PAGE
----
The next step should be to question and test the solutions.  Changes and adaptations to the process might need to be made and then retested.  Students should communicate their thinking and explain their ideas.  They should confidently evaluate their findings and decide if the solution is feasible or could be improved upon further.  When these decisions have been made, they should present their ideas in suitable and varied formats.  The tests and investigations usually match those carried out in more traditional lesson.  It is the approach that is different.

Students and teachers need to accept that learning separate subjects is not realistic.  The problems of life and future careers will not be presented as one for literacy or science, for example, they will be cross curricular requiring a team effort to arrive at solutions that can be shared and built on.



Taken from max science grade 5 section 1.3

Introduction: STEM lessons should be interdisciplinary and allow students to develop key skills independently.  Teachers should highlight areas in the lesson that are STEM.  Engineering processes should be used to structure the learning using technology to support students in finding solutions and solving problems.  Science vocabulary and mathematical skills should be used in the communication of ideas and findings.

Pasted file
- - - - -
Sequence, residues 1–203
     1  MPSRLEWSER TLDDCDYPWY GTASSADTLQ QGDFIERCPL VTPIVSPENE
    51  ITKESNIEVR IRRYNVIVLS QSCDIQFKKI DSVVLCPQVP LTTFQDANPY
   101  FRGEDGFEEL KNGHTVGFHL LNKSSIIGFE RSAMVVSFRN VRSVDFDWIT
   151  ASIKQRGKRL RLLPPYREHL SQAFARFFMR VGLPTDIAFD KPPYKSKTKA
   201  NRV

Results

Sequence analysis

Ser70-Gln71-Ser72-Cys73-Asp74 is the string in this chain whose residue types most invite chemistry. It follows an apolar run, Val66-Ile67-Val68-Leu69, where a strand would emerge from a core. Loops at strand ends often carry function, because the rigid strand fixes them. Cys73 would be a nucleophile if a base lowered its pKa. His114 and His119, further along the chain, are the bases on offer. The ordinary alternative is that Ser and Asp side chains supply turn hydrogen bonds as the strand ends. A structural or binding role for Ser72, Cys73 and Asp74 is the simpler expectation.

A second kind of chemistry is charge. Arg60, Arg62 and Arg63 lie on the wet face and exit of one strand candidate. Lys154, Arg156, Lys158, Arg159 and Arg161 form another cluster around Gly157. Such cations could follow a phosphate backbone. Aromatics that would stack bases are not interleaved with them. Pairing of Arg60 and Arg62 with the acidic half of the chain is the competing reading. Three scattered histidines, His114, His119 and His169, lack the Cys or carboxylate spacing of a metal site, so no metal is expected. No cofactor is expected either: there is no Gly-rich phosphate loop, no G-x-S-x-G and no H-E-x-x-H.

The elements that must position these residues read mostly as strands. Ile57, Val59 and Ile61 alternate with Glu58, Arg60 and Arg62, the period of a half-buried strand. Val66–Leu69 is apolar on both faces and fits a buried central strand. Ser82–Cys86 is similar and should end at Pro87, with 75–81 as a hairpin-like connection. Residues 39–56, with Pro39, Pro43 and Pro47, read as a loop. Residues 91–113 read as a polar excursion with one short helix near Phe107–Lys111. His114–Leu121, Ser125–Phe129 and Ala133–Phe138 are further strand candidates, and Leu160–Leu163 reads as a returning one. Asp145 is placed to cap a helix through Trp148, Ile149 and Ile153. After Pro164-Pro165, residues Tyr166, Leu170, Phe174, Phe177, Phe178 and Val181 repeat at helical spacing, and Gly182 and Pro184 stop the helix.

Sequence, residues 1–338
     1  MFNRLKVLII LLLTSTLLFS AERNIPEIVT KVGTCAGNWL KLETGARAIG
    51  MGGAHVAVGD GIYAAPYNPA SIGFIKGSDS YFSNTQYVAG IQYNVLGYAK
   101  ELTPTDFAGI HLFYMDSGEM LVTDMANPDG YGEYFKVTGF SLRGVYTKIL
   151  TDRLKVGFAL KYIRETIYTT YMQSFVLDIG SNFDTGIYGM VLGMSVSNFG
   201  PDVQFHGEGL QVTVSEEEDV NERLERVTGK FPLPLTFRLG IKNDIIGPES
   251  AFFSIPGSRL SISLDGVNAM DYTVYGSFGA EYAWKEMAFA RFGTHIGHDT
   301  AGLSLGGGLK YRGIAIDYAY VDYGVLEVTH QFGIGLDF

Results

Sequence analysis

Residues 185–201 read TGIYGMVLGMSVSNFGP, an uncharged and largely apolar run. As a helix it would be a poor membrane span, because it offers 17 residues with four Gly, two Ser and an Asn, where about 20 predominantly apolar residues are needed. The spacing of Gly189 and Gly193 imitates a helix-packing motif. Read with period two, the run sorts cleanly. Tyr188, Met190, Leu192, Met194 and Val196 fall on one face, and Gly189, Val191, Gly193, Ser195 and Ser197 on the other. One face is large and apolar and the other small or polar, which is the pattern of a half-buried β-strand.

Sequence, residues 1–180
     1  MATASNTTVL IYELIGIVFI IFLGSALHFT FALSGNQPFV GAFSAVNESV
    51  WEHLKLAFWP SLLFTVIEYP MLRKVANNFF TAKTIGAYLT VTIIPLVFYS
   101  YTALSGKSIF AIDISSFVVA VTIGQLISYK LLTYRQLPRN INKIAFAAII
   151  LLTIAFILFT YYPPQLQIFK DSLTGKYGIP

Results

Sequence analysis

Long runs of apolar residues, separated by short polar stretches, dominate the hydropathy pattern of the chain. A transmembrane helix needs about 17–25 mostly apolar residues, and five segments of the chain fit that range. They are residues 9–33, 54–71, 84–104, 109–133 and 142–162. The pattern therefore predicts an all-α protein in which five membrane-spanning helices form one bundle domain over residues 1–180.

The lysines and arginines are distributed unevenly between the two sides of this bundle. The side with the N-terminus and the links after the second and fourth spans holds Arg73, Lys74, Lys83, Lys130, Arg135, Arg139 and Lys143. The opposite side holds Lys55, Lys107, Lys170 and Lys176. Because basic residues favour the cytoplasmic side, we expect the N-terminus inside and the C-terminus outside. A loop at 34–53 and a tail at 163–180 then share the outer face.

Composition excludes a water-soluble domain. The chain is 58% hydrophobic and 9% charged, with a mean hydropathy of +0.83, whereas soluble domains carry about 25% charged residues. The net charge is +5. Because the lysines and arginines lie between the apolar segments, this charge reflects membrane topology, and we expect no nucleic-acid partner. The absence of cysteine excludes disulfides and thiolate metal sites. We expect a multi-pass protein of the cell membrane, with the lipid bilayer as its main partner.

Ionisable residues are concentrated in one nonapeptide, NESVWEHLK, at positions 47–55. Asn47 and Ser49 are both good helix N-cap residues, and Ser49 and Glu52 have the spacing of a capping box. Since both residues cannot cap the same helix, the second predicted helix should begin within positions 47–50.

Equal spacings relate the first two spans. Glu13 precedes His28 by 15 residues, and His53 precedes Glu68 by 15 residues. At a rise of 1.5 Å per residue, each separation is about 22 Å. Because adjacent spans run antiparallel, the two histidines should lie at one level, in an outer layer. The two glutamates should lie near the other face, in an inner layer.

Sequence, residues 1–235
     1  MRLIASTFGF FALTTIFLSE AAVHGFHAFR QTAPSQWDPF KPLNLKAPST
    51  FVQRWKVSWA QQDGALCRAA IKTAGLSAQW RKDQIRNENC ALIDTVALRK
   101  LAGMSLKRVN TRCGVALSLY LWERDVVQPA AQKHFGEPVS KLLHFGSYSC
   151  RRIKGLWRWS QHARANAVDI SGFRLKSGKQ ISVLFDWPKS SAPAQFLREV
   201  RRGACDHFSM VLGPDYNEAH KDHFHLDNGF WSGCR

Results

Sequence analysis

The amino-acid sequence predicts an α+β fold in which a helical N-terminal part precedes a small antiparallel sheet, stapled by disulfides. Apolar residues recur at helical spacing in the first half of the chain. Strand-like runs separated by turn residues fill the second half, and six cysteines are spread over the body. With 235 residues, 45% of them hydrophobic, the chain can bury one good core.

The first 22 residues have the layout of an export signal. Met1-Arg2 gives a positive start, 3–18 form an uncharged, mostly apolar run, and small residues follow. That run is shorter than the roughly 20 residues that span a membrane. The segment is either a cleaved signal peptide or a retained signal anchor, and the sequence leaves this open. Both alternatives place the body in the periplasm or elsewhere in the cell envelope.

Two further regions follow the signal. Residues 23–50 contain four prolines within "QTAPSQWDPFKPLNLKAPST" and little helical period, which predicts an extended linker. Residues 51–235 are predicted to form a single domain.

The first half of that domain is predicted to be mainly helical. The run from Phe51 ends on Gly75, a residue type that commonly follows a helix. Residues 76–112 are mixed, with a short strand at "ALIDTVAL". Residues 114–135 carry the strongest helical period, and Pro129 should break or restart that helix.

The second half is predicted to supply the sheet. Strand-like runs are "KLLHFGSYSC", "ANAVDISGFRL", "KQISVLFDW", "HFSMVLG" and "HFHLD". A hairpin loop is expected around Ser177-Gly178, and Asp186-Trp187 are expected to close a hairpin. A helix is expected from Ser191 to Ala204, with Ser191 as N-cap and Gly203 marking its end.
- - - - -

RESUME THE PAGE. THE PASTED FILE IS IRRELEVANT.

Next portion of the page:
• Rays of light can be reflected by surfaces, including mirrors.
  • Reflected light enters our eyes so we can see an object
  • Mirrors can be used to see objects that would normally be out of our line of sight.



Clean juice or milk carton, two mirrors, scissors and craft knife, tape and a periscope template.



  1. Children should understand that light travels in straight lines and this light can travel to our eyes. This is how we see things.  They should also be familiar with the use of mirrors and how these reflect light into our eyes.  This is how we can see our image.  (S)
  2. Organise students into small teams. Ask the teams if they can see behind them.  Discuss why this is not possible. Ask them how the dentist or car drivers use mirrors to help them.